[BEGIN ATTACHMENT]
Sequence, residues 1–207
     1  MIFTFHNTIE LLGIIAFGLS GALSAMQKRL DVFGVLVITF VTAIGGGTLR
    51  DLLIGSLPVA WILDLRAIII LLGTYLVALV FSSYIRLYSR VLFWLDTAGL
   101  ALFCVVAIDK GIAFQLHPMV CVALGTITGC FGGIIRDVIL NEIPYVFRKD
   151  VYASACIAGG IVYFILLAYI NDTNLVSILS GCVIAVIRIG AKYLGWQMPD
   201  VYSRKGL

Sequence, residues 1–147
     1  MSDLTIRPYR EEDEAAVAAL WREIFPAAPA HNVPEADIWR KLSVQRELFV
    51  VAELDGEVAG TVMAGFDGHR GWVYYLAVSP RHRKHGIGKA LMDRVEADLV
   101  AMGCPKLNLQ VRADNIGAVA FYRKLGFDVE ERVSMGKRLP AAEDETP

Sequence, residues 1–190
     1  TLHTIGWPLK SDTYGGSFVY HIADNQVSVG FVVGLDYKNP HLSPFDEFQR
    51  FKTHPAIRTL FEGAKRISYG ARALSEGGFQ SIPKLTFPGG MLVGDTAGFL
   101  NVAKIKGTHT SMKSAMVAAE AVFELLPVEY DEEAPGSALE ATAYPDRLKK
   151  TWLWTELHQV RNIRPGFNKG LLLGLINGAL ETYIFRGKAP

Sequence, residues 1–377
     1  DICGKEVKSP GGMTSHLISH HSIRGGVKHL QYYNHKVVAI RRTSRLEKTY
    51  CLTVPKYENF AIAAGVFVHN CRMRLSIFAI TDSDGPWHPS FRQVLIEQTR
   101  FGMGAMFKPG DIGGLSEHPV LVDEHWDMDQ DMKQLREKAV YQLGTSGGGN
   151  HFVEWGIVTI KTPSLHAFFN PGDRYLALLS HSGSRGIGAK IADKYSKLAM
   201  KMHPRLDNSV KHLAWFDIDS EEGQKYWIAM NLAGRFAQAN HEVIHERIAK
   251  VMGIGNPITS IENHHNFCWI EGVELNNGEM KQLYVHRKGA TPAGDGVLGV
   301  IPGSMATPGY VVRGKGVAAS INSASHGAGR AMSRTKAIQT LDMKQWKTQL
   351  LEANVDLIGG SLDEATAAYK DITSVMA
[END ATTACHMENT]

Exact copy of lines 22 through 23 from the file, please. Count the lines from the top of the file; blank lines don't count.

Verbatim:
   251  VMGIGNPITS IENHHNFCWI EGVELNNGEM KQLYVHRKGA TPAGDGVLGV
   301  IPGSMATPGY VVRGKGVAAS INSASHGAGR AMSRTKAIQT LDMKQWKTQL